For a largelevel analog input signal (closer to fullscale), the ADC noise floor level increases, mainly due to clock jitter. The ratio of the signal to noise level is defined as the signaltonoise ratio (SNR). The acceptable level of ADC noise power in any particular application is calculated for the case when both a blocker and smaller signal are applied to the receiver terminal simultaneously. In any application, SNR can be specified for any bandwidth, however it is usually specified either in the first Nyquist region (half the sampling rate) or in the desired signal bandwidth. It is therefore very important for the user to pay close attention to the bandwidth used throughout the calculations.
Refer to Figure 2 and follow the steps below to approximate the ADC's effective noise figure for large analog input signals:
 Determine the converter's fullscale level (in dBm) knowing the maximum allowable V_{PP} and input terminating resistance, R_{IN}.
 Note the level from which SNR is either specified in the manufacturer's data sheet or measured by the user (shown as X dB in Figure 2).
 With SNR known, calculate the converter's noise power in the first Nyquist region (in dBm).
 Using the sample rate, calculate 10 × log (f_{SAMPLE}/2) where f_{SAMPLE} is given in units of Hz.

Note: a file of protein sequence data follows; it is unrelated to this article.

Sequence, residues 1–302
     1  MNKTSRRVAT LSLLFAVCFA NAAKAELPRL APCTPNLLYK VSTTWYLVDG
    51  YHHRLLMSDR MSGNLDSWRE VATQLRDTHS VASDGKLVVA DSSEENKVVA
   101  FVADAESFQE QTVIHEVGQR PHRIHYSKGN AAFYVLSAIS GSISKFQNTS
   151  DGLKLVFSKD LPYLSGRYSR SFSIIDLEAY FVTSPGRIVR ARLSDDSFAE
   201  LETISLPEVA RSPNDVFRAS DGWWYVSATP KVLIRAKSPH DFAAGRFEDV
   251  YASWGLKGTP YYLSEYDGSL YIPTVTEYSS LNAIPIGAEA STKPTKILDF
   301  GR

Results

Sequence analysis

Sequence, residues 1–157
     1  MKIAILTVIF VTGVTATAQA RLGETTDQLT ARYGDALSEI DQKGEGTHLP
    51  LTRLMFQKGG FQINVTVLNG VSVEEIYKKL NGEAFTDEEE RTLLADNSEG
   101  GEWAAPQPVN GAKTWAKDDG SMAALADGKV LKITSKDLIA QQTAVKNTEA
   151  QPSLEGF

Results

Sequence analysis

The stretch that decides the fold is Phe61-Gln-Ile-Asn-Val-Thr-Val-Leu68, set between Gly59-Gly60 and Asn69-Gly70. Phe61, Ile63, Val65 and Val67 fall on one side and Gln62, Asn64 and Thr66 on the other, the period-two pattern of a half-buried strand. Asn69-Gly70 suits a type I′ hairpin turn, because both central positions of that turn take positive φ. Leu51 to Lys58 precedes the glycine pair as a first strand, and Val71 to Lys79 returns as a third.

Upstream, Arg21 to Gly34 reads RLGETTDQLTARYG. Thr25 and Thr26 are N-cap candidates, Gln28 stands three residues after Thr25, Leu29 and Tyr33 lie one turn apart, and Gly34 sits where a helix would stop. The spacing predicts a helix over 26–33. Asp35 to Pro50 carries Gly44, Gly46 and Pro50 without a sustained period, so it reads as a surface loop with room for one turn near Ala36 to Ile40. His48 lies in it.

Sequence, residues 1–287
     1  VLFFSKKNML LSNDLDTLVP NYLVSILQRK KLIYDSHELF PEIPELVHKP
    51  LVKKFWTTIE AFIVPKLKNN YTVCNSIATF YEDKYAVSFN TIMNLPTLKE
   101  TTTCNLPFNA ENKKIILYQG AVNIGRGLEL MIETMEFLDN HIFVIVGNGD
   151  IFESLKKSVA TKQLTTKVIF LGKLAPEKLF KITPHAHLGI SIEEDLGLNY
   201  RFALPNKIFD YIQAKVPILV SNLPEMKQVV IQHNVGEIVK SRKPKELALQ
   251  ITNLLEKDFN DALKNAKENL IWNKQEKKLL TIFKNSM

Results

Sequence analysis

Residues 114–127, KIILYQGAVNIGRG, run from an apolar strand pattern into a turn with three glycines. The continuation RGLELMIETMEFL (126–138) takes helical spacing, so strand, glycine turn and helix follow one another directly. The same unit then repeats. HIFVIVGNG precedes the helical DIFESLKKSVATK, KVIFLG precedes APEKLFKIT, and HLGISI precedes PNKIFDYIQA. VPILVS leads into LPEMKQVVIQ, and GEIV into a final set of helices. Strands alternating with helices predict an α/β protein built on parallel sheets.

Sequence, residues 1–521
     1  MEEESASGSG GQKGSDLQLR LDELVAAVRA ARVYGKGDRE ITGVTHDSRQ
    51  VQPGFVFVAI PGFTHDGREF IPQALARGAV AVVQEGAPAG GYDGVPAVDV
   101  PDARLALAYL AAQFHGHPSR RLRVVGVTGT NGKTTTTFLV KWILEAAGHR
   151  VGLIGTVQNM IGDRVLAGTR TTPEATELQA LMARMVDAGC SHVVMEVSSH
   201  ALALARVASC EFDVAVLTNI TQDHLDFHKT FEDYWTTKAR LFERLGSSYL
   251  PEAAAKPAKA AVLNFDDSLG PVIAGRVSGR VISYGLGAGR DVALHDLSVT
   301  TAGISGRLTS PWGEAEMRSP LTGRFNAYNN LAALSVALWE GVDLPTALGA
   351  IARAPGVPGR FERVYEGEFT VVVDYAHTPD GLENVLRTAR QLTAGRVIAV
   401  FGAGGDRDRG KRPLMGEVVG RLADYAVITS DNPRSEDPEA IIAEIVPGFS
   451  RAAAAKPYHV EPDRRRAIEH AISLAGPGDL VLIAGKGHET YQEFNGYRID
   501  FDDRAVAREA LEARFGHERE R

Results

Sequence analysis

Determine the converter's noise power in a 1Hz bandwidth by subtracting the results obtained in (4) from the results in (3).
 Calculate KTB for B = 1Hz (equal to 174dBm at room temperature).
 Calculate the effective noise figure by subtracting the results from (6) from the results obtained in (5).
Figure 2. Determining ADC effective noise figure for largesignal inputs for receiver blocker requirements.
Numeric Example using the MAX1428
The MAX1428, has the following preliminary specifications (See Table 1):Table 1. The MAX1428 Preliminary Electrical Characteristics


































f_{IN} = 70MHz 




f_{IN} = 70MHz 



The MAX1428 ADC Noise Contributions
Assume that a terminating resistance placed across the differential input pins of the MAX1428 produces a total differential resistance of 200Ω. The fullscale input level is calculated to approximately equal +6 dBm (2.5V_{PP} across 200Ω). For a clock rate of 80Msps, the thermal + quantization noisefloor power equals 78.3dBFS or 72.3dBm in the first Nyquist region. As the 70MHz analog input level is increased above 35dBFS, but not close to fullscale, the converter DNL noise adds 1.3dB to the total converter noise floor to 71dBm. As the input level is increased further and approaches fullscale, the noise floor increases an additional 1.3dB due to ADC clock jitter to a value of 69.7dBm resulting in an effective noise figure of 28.3dB (per procedure outlined in Figure 2).Figure 3. The MAX1428 ADC noise contributions illustrated in the first Nyquist region.
Blocker Absent Scenario for Receiver Sensitivity